I am grateful to Mark Drumbl for taking the time to provide his generous and insightful comments on my article, and also to James Stewart, both for his kind words and for organizing this discussion. I’m quite honored that James has selected my article to inaugurate this important and exciting new blog.
In this post, I respond to Mark’s critiques, which have pushed me to think hard and harder, and even to consult Google Translate. As I understand it, Mark is disappointed by my fainthearted retributivism, which he deems anemic, indeterminate, overly intellectual, and woefully lacking in hot-blooded passions. He objects that “retributive theory cannot simply become all things to all persons.”
For the most part, I am happy to plead guilty as charged. After all, the idea that retributive commitments are compatible with a wide range of policy positions about international criminal law is one of the main points of my article. In defense of this view, I will say the following. First, I believe that I am speaking the truth about retributivism. Accordingly, it is not my fault if the theory turns out to be less muscular than one might hope. Second, I don’t think it’s quite as bad as all that. There are many things that retributivism cannot do, but some quite important things that it can do.
The central point (which I am hardly the first to make) is that retributivism, by its nature, is an incomplete theory of punishment. In contrast to utilitarian approaches that appeal to a single overarching vision of human well-being, the retributive claim that punishment is justified intrinsically by the desert of the offender simply cannot provide a comprehensive metric around which to establish, order, and administer a system of criminal justice. The point is just as true at the domestic level as it is at the international level. The most obvious example is resource allocation: a commitment to deserved punishment cannot, by itself, tell a legislature how to distribute funds between health care and the criminal justice system. Nor can it tell the international community whether, and to what extent, to fund the establishment of an international criminal tribunal.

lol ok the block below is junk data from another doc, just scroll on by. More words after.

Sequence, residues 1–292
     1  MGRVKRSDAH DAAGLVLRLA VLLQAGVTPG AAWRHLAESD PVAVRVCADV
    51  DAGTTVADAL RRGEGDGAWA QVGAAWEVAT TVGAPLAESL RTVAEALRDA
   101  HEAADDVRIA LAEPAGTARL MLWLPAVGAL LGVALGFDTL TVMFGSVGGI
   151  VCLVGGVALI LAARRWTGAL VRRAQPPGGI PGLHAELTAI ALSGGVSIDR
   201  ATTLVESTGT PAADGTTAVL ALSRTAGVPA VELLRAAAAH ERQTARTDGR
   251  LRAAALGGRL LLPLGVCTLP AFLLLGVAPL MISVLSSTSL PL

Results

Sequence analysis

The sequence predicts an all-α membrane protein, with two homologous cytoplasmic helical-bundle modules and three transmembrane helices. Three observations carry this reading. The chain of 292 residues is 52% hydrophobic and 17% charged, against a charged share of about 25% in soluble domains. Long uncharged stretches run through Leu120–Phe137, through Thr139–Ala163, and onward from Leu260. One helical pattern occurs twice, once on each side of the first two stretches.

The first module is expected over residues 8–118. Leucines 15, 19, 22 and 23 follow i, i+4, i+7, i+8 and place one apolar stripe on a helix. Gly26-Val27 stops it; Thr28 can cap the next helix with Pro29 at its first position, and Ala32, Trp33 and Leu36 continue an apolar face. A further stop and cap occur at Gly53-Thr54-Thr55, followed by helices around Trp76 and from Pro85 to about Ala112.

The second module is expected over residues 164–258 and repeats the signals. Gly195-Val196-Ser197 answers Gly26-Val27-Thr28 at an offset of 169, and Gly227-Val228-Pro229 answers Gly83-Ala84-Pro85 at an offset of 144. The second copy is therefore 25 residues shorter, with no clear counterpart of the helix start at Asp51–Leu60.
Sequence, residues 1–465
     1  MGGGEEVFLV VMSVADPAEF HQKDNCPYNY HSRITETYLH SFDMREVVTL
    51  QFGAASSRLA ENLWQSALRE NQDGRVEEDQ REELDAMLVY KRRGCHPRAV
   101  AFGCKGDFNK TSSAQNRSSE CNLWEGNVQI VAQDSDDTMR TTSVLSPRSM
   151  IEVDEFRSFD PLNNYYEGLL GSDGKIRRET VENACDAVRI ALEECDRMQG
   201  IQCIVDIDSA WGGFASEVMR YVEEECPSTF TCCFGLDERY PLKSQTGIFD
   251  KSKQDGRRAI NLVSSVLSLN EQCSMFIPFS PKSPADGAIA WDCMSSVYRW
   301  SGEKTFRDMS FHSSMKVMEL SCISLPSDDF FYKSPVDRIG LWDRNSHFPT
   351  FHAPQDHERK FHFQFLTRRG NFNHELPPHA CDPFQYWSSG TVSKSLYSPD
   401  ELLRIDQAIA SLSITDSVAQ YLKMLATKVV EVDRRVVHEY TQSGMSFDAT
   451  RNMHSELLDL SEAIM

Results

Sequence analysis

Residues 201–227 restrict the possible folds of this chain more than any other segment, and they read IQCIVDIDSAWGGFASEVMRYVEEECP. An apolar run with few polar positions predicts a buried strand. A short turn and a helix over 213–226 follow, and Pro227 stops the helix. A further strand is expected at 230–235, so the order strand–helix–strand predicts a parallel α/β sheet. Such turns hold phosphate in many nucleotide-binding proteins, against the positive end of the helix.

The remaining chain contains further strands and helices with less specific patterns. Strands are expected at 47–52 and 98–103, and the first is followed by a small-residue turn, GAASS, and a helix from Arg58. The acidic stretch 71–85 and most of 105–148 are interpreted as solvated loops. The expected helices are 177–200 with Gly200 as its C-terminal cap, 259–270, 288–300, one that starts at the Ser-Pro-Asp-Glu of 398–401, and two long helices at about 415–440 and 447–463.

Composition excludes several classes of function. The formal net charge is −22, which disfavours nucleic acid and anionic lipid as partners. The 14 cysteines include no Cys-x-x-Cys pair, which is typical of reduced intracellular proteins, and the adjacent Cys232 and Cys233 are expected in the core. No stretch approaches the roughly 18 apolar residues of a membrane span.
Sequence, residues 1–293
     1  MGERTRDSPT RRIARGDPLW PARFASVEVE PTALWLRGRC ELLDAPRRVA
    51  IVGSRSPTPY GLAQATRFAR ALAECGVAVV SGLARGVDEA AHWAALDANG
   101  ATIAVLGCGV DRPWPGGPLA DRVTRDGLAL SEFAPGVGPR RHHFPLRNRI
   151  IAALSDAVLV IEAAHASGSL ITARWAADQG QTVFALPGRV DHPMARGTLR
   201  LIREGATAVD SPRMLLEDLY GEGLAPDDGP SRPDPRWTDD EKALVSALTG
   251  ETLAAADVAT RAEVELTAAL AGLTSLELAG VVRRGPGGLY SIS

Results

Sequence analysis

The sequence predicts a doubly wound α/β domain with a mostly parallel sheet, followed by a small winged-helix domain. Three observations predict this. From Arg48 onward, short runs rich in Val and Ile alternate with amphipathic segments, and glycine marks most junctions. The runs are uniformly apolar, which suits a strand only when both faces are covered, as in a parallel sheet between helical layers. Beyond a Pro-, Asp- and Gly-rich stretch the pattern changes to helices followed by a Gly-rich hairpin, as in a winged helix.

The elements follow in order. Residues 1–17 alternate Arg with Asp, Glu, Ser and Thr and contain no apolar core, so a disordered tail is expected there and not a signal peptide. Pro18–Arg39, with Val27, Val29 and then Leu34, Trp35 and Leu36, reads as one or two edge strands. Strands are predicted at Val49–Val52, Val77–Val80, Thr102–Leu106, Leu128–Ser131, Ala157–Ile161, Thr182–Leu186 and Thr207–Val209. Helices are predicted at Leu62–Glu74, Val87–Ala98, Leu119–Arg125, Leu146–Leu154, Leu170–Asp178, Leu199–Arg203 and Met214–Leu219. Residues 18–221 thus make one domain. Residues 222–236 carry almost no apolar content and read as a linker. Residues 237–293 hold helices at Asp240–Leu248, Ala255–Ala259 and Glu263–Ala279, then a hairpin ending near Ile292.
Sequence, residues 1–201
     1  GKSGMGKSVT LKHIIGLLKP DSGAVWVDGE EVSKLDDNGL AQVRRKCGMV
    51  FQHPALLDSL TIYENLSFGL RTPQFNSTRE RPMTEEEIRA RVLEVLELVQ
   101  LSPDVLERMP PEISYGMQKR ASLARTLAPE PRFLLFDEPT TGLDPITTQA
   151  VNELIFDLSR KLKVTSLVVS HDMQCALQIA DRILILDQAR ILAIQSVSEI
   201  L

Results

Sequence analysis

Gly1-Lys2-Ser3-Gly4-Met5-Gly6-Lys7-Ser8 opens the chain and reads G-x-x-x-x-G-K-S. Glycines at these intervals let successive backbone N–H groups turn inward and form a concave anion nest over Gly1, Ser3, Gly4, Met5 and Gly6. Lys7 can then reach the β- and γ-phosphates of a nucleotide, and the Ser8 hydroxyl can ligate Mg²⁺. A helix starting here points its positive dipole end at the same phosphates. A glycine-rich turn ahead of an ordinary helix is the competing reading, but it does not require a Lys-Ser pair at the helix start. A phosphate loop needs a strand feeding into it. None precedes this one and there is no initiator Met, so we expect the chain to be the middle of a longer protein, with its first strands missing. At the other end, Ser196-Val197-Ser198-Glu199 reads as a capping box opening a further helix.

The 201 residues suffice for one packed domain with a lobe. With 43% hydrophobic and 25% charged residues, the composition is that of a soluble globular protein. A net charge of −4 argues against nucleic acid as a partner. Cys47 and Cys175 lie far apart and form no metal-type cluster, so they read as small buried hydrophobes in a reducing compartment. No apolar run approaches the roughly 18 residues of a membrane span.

Instead, I believe that retributivism does two things. First, by specifying that justified punishment must be deserved, it imposes an important negative constraint: a prohibition against knowingly punishing the innocent. This negative constraint is not especially controversial, but even here retributive theory raises an important and problematic question: how do we know that the guilty actually deserve punishment? Mark suggests that the retributive appeal to just deserts is at root an emotional response, and I think he may be right. Does this reliance on bare, moral intuitions—ones that may well be “ignorant, biblical, and simple,”—expose a deep vulnerability in retributive theory? Quite possibly, but if I may attempt to paraphrase Douglas Husak, the alternative is even more problematic: How can we ever justify the cruelty of criminal punishment if we do not at some root level believe it is deserved? Perhaps, the very existence of criminal justice is inevitably grounded on these innate retributive emotions, whether we acknowledge them or not.
The second thing that retributivism does is to supply an affirmative reason to punish the guilty, one that appeals to the culpability of the wrongdoer alone rather than to the expected social benefits of punishment. But because retributivism is an incomplete theory of punishment, the retributive impulse must coexist with other rationales either favoring or disfavoring punishment. As a consequence, the retributive impulse to punish a particular offender will sometimes be trumped or compromised. Possible reasons include, among others, a legislative desire to fund priorities other than criminal justice; a prosecutorial judgment that limited resources are better focused on other, more culpable offenders; the ability to obtain the accused’s cooperation in the prosecution of other, more culpable offenders; an unacceptable risk of wrongful conviction in light of evidentiary shortcomings; a disinclination to reward prosecutorial misconduct that has comprised the accused’s due process rights; or, as sometimes happens in the wake of mass atrocities, a desire to support an amnesty agreement or alternative justice mechanism that may itself be justified by a variety of imperatives including the need to conserve limited resources, to end bloodshed, and to promote social reconciliation.